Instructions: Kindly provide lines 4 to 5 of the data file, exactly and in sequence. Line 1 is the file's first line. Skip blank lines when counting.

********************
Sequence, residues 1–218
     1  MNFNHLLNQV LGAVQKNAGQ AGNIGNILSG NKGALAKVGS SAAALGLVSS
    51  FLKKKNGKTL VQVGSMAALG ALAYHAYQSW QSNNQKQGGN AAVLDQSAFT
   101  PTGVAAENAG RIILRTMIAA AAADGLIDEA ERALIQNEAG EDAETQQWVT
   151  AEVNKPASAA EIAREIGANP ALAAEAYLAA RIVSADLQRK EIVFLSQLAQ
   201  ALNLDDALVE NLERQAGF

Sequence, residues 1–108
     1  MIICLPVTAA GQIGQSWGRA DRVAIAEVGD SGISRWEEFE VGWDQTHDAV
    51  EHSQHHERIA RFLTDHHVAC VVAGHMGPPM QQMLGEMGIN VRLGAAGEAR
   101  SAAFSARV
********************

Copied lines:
   101  PTGVAAENAG RIILRTMIAA AAADGLIDEA ERALIQNEAG EDAETQQWVT
   151  AEVNKPASAA EIAREIGANP ALAAEAYLAA RIVSADLQRK EIVFLSQLAQ